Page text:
Empowering women and girls and improving gender equality outcomes

Promoting gender equality is one of the priorities identified in the Foreign Policy White Paper. Gender rights are a powerful tool for development, economic growth, and stability. The sub-Saharan Africa  program focuses on enhancing women's economic participation and voices in decision making, particularly in the agriculture and extractive sectors. We aim for gender parity of  access to theAustralia Awards-Africa program and close to 50 per cent of our awardees are women. The  Women in Leadership Network provides ongoing professional development support to female awardees on their return to their home countries.  The alumni are active supporters of development in their communities. The focus of Australian aid, particularly through Australia Awards-Africa, is to promote women's access to higher skilled jobs and inclusive economic growth.  

We support and advocate for gender equality in all our negotiations with African partners.

Civil society engagement

Australia is engaging with non-government organisations (NGOs) to provide community based interventions to poor and marginalised people in Sub-Saharan Africa. NGOs are key development partners, offering a unique depth of experience, skills and community awareness to the development sector. Support to civil society in Africa is primarily delivered through the Australian NGO Cooperation Program (ANCP), the Direct Aid Program (DAP), and Australian Volunteers for International Development (AVID).

Engaging with civil society in Sub-Saharan Africa

Information on volunteers in Africa

Our results

  • In 2017 there were 440 Australia Awards-Africa scholarship recipients who attended Australian institutions (48 per cent to women).
  • Australia Awards Alumni in Africa contribute to development and prosperity in their countries.
  • The 2017 Australia Awards – Africa Outcomes Study confirmed that once alumni return home: 45% of respondents are using professional networks to positively influence business, development opportunities and policy; 99% consider the knowledge and skills gained on Award are relevant to their work; and 98% are promoting Australian education, science, research and innovation.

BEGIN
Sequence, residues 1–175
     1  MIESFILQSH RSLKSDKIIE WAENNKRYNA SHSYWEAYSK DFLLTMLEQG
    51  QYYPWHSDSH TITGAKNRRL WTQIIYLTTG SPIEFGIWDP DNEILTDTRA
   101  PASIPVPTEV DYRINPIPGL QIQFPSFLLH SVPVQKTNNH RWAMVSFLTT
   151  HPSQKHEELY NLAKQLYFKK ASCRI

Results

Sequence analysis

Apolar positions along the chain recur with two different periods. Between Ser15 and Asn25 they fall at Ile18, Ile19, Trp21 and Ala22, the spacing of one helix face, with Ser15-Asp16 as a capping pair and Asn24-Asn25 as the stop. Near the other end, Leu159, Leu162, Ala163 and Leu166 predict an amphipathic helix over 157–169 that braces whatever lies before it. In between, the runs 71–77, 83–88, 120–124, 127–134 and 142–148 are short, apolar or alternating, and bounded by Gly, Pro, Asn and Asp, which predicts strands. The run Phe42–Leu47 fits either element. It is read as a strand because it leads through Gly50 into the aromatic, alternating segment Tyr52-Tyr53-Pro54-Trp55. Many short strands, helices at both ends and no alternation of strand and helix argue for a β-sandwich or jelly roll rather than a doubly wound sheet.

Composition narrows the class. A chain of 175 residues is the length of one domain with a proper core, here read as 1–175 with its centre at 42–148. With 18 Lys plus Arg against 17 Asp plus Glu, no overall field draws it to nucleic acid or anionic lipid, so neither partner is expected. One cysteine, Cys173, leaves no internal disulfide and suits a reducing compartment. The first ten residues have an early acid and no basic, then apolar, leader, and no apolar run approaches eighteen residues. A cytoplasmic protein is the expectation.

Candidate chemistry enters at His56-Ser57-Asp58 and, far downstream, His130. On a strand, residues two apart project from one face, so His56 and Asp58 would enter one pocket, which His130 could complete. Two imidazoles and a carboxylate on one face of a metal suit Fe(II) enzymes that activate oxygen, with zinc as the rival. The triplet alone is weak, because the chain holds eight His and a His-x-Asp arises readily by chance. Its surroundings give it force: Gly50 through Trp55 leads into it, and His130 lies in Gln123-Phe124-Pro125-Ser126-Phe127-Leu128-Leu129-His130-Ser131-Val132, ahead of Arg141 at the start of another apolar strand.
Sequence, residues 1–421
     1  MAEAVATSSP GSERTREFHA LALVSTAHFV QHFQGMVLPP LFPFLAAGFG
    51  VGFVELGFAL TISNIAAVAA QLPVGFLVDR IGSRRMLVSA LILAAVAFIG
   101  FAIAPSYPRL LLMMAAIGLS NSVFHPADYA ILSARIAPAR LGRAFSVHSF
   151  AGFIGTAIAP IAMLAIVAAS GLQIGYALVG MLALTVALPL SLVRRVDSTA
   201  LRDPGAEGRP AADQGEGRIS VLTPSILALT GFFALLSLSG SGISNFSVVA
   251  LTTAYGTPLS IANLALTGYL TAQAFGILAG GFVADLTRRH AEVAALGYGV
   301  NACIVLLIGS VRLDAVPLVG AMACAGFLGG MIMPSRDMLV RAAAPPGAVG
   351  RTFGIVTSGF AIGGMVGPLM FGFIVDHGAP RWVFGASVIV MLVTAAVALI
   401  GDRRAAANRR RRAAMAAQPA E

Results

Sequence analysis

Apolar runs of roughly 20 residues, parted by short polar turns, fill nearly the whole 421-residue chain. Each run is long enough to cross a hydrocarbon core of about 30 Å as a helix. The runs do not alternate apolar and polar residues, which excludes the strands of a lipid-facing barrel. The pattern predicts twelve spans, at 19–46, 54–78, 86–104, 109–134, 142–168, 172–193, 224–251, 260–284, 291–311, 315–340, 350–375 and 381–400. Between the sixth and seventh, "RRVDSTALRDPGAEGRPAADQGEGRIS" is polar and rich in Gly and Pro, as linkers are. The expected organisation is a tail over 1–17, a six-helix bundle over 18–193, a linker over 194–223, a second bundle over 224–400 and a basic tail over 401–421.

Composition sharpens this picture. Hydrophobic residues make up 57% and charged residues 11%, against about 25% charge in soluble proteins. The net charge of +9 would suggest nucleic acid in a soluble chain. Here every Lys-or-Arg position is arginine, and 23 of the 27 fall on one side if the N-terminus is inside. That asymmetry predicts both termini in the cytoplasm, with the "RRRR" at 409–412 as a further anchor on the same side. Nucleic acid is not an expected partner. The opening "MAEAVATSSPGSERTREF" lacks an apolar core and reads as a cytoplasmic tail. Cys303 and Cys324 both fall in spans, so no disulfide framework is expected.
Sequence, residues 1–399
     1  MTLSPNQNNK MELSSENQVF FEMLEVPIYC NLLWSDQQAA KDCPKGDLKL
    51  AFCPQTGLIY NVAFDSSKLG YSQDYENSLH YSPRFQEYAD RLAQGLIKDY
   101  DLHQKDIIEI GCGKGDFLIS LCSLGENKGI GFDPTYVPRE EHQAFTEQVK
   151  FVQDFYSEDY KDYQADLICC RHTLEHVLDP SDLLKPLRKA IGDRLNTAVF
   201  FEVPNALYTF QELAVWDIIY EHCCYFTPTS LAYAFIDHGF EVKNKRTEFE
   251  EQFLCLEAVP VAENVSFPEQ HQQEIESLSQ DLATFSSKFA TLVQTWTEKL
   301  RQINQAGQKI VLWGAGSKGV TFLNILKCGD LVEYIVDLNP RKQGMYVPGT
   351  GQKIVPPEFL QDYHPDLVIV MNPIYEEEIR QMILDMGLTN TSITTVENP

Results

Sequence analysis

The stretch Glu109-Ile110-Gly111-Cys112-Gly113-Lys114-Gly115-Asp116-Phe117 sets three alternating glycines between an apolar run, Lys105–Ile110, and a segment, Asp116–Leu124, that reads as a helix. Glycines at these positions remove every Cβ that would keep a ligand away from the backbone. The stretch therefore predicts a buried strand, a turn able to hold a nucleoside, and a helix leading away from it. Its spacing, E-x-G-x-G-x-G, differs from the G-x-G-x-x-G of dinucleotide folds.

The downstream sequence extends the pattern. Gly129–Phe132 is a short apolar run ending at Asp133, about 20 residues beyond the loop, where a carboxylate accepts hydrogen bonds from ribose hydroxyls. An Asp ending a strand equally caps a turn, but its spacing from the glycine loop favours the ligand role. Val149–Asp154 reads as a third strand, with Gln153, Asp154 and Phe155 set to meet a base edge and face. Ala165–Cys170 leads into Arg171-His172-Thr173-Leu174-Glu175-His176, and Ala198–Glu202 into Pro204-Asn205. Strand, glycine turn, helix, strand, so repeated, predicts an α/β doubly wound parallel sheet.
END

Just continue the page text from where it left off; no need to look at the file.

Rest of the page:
• In 2016-17 our humanitarian support provided life-saving assistance to more than 758,000 vulnerable men, women and children in 13 countries
  • Australia delivered improved agricultural productivity by conducting research into food security and farming techniques that increased crop yields and benefitted the livelihoods of African farmers.
  • More than six million people in Africa had improved access to food security, better health outcomes and better water and sanitation through the work of 28 Non-Government Organisations (NGOs) funded under the Australian NGO Cooperation Program (ANCP) in 2016-17.

Strategic direction

Our investments align with the Foreign Policy White Paper focusing on four main areas – leadership and human capacity development; agricultural productivity; humanitarian assistance; and women's empowerment and gender equality. We work predominantly in Eastern and Southern Africa where we have historical program ties and relationship as well as long-term Australian NGO experience, economic and security interests and diaspora links. This is also consistent with the Indo-Pacific focus of the aid program.

Australia Awards is the flagship of the African aid program, offering upto 500 Awards annually. Australia Awards primarily focus in areas where Australia has expertise including good governance and capacity building in the agriculture, extractives and public policy sectors. Australia's support for food security, agriculture, and water, sanitation and hygiene programs is provided through our significant contributions to  multilateral organisationsdelivering programs in Africa. Australia supports agricultural programs in Eastern and Southern Africa through ACIAR and contributions to the Africa Enterprise Challenge Fund (AECF). Our investments in sub-Saharan Africa contribute to achieving the 2030 Agenda for Sustainable Development and the Sustainable Development Goals (SDGs), particularly SDG 4 (Quality Education) and SDG 8 (Decent Work & Economic Growth).

See caption below
Minister Bishop with Australia Awards Alumni Ms Alice Gihiomi (Kenya) and Mr Elite Mhone (Zambia) at the Australia-Africa Week Conference in Perth, September 2017. Credit: Mr Bryan Charlton


Last Updated: 8 May 2018
Inspired from a young age to improve health conditions in her community, Dr Anne Mwangi’s Australia Awards scholarship gave her the tools to work on the prevention of mother-child transmissions of HIV through public health in Kenya.
Stating that education is the only vaccine to get rid of poverty, Harriet Sianjibu-Miyato utilised her Australia Awards scholarship to learn how to uplift and inspire children as an educational leader in Zambia.